Some people just accept that between Halloween and New Years Day, they will gain weight. This does not have to be the case, no matter how many parties and family gatherings you go to or batches of cookies you make. Pssst research shows that people actually don’t gain that much weight around the holidays (about 2 pounds), but the weight we gain does tend to stick on us permanently. Holiday weight gain is a major contributor to the slow, steady increase on the scale we see as we age (note: gaining weight as we age isn’t something we need to accept either, but that is another post for another day).
Maintaining your usual healthy lifestyle all year round will help keep your energy high, your immune system robust, and your weight stable.
Since the holiday season is filled with so many tempting treats and we are bombarded with exceptionally effective marketing, it may take a little more mindfulness to maintain your habits.
Remember the behaviors that keep you in shape for the rest of the year, and make sure you’re continuing those during this festive season.
Sweat every day.
Or however much you normally do (or maybe a tad more if you must have treats several times a week). Normally go to spin class on Monday nights? Keep going. Lift weights twice a week? Pump away. Do you take a walk every night after dinner? Bundle up and have at it! It’s not complicated—keep up the good work.
What if your fitness class is cancelled or the snow is too deep to get out for your run? Get in the holiday spirit by running around in the snow! Build a snowman or shovel the sidewalk (go shovel your neighbor’s sidewalk too—‘tis the season for giving!)—staying active while having fun is the key to sustainable physical activity habits.
Eat balanced meals.
You know what a balanced meal looks like. Half the plate loaded with veggies and maybe some fruit, the other half split between whole grains and lean protein. Make sure you’ve got a little healthy fat and a good calcium source in there and you’re good to go. Your nutritional needs don’t magically change just because sleigh bells are ringing.
Use pragmatic strategies. If you know you’re having a decadent dessert, cut back on other added sugars and starchy carbohydrate foods that day.
Do not skip meals. This strategy of fasting and binging throughout the holiday season is seriously deleterious. The best thing you can do is model healthy eating throughout all meals, even your holiday dinner.
There are usually leftovers, so why stuff yourself into agony at one meal? If there are many dishes you want to try, choose a small portion so you can enjoy a couple bites of each. Eat a normal-sized, balanced meal and then get out for a walk. I promise you will feel a million times better than if you gorge and then have to lay in a stupor for the rest of the day.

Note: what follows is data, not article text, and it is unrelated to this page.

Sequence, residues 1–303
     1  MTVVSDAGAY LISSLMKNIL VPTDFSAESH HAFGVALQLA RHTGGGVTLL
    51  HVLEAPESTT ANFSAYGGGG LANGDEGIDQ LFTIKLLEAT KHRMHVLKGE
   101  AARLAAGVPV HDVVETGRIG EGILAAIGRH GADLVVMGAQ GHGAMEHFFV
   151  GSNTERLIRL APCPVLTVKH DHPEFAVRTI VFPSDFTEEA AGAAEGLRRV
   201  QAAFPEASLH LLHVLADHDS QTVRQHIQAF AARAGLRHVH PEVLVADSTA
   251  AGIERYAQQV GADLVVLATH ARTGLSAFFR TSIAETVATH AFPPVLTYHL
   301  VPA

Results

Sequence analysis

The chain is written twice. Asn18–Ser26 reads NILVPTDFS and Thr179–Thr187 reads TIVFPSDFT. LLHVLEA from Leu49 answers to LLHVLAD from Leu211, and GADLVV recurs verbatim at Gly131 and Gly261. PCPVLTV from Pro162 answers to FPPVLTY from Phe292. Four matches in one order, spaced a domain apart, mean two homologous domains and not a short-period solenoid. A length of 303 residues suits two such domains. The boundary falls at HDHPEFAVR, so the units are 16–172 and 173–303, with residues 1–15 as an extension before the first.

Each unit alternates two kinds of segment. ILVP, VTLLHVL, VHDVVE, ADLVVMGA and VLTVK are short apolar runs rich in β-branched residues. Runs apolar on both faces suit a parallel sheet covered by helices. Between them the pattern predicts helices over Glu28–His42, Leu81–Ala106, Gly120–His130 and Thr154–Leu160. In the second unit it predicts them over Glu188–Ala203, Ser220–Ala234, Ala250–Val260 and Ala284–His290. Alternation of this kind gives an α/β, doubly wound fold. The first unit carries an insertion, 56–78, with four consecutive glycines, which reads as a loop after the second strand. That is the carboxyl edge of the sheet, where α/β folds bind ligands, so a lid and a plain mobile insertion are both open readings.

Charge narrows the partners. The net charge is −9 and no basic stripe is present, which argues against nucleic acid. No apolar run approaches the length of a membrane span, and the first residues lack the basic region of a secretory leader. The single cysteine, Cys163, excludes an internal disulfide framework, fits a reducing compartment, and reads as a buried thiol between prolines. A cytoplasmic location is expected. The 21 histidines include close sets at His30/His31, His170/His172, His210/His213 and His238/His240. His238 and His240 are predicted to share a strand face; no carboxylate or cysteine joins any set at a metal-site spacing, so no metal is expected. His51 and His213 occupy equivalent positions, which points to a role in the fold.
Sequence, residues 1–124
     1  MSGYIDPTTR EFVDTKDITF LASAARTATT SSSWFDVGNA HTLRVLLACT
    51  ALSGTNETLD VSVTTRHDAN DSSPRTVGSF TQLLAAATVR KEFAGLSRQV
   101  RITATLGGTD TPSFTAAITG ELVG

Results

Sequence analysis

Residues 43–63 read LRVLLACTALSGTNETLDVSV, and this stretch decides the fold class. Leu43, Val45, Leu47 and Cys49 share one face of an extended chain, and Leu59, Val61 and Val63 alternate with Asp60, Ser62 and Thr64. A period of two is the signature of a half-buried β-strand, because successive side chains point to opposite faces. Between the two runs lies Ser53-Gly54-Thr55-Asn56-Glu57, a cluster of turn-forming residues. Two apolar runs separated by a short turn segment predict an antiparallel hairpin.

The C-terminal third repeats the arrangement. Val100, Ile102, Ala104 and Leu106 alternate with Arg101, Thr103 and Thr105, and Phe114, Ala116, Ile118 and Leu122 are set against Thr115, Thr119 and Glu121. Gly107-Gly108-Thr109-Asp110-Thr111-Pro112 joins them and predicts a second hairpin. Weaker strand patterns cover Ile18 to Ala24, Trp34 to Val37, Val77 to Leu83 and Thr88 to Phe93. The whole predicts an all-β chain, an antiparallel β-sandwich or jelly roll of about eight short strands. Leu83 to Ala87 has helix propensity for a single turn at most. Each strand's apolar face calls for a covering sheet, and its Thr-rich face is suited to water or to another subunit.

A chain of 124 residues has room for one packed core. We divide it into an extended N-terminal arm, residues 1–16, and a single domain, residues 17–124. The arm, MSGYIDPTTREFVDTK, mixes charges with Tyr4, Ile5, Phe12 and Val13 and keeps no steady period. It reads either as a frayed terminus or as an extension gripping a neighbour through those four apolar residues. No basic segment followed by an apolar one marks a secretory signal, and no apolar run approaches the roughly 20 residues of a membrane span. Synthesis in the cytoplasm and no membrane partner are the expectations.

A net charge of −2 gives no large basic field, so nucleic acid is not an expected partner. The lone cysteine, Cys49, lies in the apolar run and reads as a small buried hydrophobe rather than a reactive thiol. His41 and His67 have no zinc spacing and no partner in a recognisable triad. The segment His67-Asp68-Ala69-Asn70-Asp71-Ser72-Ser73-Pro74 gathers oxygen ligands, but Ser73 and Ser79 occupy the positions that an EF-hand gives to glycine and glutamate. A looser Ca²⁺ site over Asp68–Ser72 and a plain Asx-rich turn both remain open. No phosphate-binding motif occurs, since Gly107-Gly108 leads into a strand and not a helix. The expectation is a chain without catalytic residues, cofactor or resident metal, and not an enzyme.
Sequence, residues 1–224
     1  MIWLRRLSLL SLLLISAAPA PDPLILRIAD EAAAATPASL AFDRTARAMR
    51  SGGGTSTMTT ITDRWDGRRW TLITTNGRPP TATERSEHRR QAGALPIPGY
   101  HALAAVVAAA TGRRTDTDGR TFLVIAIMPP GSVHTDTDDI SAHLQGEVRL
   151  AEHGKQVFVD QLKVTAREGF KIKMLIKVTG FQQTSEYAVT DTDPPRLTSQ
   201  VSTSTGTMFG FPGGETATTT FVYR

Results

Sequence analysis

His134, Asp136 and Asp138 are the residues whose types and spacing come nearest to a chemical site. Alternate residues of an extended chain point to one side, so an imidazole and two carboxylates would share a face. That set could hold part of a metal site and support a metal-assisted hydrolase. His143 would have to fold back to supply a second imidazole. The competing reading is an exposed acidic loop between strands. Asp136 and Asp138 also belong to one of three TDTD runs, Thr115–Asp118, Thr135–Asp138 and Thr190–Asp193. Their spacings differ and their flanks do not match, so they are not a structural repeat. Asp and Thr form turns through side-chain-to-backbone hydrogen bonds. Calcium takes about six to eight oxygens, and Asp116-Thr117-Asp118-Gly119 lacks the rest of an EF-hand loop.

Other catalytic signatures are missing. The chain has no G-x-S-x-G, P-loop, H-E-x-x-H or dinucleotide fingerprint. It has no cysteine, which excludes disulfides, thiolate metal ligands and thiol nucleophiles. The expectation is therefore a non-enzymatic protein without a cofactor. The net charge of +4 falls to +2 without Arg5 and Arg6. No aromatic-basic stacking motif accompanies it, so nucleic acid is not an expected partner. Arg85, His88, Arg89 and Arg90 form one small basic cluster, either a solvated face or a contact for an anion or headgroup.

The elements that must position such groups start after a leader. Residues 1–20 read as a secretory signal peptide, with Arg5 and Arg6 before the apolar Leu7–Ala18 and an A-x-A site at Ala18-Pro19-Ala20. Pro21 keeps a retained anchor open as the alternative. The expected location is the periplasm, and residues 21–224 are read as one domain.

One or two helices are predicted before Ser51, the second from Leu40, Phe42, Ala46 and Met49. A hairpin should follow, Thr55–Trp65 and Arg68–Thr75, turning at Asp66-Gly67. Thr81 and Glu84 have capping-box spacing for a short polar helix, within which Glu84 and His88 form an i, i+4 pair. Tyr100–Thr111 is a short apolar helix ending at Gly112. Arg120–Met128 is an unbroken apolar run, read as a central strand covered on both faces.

Treat treats like treats.
Would you normally eat pumpkin bread for breakfast and have candy with lunch and a piece of pie after dinner? No. Choose one treat and eat a small portion of it.
This point is also for people who get so freaked out by holiday indulgences that they swear off them altogether. You can enjoy holiday treats—just do so mindfully (Do you really want pie today? If not, pass on it and wait until you’re really craving it—you know it will be around!) and with proper portion control (a few bites is all you need).
This strategy sounds scary to some (ahhh but I will lose control if I’m near it!) but with practice (and guidance of a registered dietitian nutritionist if you’re serious about changing your eating habits and relationship with food), treats will no longer have control over you.
Go easy on alcohol.
Overindulgence in alcohol is one of the main overlooked reasons people gain weight as adults. The average Christmas Ale contains about 220 calories. You could easily consume an extra 500-1,000 calories in one evening just through alcohol.
Remember that women should have no more than 1 drink per day and men should have no more than 2 drinks per day (this is considered moderate alcohol consumption—any more than this and you’re putting yourself at risk for health problems).
Pick the best cocktail, sip slowly and enjoy. Then switch to water or seltzer (getting festive by adding some cranberries, of course!).
Get enough rest.
With all the extra hours spent holiday shopping, decorating and wrapping gifts, sleep may suffer. Not to mention all those fun holiday parties. Adults need 7-9 hours of sleep each night to maintain healthy mind and body function.
Don’t cheat on sleep. The adverse effects of not getting enough rest range from poor work performance, concentration, and crankiness in the short-term to weight gain and memory loss in the long-term.
Adequate rest is quite underrated in my opinion. When you’re tired, many healthful habits suffer. You may not have enough energy for your workout and pass up healthy snacks for potato chips. Is staying up an extra hour or two worth a groggy and non-productive tomorrow? No. Turn off the screens, settle down and get cozy under the covers.
What strategies do you use to maintain your health over the holidays? Share in the comments below!